Probe exposes Australian banks’ abuse of customers

Once trust was assumed, now it must be earned.  According to a 2018 survey only one in three people in Australia trust the banking industry- and this was before the Banking Royal Commission commenced.    Also, an  Ernst and Young survey from 2016 indicates that new entrants and Fintechs have achieved parity with traditional banks when it comes to trust.

This article originally appeared on Financial Times on 1/5/2018.

AMP was founded 170 years ago on the principle of providing sound advice. But revelations at a royal commission that the Australian financial services firm ripped off customers and lied to regulators have savaged its reputation and shaken one of the world’s most profitable banking sectors to its core.

Now the company is in the middle of a political maelstrom causing Craig Meller, its chief executive, to quit following evidence that AMP misled regulators on at least 20 occasions and systematically charged customers fees for no service.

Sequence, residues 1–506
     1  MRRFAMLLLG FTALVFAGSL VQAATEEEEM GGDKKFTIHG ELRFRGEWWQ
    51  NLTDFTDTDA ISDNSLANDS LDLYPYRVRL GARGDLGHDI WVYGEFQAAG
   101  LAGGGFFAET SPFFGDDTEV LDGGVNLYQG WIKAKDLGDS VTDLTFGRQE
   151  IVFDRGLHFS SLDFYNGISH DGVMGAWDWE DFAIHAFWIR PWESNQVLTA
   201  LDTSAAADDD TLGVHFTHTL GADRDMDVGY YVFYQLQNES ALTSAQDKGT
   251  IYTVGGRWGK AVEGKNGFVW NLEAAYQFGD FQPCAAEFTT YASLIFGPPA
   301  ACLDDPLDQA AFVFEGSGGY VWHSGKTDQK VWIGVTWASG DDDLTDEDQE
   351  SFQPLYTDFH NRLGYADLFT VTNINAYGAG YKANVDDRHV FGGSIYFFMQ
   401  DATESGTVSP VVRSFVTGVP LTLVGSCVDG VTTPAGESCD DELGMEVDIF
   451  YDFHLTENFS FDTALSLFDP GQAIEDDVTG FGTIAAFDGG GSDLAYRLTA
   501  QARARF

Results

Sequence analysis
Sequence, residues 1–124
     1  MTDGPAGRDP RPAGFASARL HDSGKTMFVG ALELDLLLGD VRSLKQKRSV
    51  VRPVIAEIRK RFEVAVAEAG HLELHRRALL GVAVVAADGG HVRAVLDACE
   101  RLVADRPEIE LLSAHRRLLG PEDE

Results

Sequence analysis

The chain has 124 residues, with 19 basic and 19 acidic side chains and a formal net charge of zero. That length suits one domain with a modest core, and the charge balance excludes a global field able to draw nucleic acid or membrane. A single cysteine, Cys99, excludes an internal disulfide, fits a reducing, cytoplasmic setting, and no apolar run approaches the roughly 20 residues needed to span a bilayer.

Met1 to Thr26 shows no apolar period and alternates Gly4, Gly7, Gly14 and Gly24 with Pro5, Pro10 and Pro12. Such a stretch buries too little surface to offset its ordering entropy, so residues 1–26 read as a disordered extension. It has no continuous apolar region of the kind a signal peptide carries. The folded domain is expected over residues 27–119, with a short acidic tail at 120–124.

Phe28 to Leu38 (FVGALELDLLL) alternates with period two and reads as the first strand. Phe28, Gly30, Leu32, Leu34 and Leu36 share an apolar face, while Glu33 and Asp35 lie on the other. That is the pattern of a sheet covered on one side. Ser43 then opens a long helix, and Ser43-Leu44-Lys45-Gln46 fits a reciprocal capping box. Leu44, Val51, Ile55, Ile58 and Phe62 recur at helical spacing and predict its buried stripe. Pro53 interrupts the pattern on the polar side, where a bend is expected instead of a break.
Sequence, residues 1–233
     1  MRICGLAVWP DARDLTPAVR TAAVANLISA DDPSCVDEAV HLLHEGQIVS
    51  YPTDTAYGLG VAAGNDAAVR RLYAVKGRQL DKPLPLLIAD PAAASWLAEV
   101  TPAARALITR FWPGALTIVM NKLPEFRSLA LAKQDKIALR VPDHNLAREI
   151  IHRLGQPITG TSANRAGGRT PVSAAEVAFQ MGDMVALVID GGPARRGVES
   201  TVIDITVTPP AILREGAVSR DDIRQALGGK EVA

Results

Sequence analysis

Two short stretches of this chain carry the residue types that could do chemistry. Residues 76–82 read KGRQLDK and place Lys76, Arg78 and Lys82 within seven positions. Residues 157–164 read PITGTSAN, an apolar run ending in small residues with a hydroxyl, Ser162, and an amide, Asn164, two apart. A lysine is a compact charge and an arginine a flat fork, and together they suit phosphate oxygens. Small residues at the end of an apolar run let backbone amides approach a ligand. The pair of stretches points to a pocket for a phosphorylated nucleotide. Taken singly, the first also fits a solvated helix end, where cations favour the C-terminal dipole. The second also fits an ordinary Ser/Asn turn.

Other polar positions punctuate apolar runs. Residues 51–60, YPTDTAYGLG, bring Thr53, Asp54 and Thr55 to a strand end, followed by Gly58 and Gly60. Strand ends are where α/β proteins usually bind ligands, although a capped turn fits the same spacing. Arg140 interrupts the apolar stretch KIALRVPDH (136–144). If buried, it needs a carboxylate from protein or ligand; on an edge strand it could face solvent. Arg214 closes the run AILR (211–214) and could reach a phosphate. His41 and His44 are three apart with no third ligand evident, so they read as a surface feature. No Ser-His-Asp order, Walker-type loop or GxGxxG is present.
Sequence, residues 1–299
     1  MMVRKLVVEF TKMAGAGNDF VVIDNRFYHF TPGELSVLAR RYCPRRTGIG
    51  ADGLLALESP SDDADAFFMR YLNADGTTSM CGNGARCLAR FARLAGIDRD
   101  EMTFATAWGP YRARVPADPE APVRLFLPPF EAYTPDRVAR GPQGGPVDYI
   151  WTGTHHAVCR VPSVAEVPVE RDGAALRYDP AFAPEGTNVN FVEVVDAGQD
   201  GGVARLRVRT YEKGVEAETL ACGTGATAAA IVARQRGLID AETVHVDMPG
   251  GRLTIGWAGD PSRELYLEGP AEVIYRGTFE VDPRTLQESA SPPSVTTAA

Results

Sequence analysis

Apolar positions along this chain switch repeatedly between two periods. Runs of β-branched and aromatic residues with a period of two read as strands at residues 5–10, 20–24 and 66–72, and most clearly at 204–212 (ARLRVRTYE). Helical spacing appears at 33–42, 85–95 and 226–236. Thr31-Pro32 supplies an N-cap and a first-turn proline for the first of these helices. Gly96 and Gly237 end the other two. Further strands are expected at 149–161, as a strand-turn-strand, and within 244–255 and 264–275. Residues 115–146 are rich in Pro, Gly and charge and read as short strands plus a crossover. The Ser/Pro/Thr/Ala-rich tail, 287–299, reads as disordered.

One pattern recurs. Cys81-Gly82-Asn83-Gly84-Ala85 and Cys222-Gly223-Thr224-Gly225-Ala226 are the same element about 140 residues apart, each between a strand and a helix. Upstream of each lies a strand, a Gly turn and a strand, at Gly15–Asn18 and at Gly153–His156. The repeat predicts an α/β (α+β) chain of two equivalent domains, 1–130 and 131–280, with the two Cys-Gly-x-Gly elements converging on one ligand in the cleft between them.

“AMP’s heritage brand has been trashed and the immediate future is dark, to say the least,” said David Ellis, analyst at Morningstar.

The inquiry is particularly sensitive as it involves Australia’s four biggest banks, which control three-quarters of the domestic market, affecting services that most of its citizens use every day. Regulators recently began targeting a culture of rule-breaking, with cases focusing on issues from the rigging of interest rates to allegations of facilitating money laundering.

The probe also comes amid global outrage over banks’ bad behaviour. Wells Fargo was recently fined $1bn in the wake of a US investigation, which found thousands of staff signed up customers for services they knew nothing about to meet sales targets. While in the UK, banks have repaid £30bn to customers mis-sold payment protection insurance linked to mortgages and credit cards since 2011.

Critics say Australia’s highly concentrated bank sector encourages institutions to take customers for granted. That has prompted calls for a review of the country’s “four pillars” policy rejecting any merger or acquisition of the four biggest banks, which they say has shielded Commonwealth Bank of Australia, National Australia Bank, Westpac and ANZ from competition.